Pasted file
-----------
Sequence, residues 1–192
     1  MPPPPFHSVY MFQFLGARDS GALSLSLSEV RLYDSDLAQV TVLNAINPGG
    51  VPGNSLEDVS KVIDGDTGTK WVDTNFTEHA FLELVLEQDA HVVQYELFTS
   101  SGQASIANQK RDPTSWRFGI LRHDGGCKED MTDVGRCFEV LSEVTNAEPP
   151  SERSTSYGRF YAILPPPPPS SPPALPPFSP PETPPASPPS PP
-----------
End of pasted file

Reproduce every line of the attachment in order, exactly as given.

Sequence, residues 1–192
     1  MPPPPFHSVY MFQFLGARDS GALSLSLSEV RLYDSDLAQV TVLNAINPGG
    51  VPGNSLEDVS KVIDGDTGTK WVDTNFTEHA FLELVLEQDA HVVQYELFTS
   101  SGQASIANQK RDPTSWRFGI LRHDGGCKED MTDVGRCFEV LSEVTNAEPP
   151  SERSTSYGRF YAILPPPPPS SPPALPPFSP PETPPASPPS PP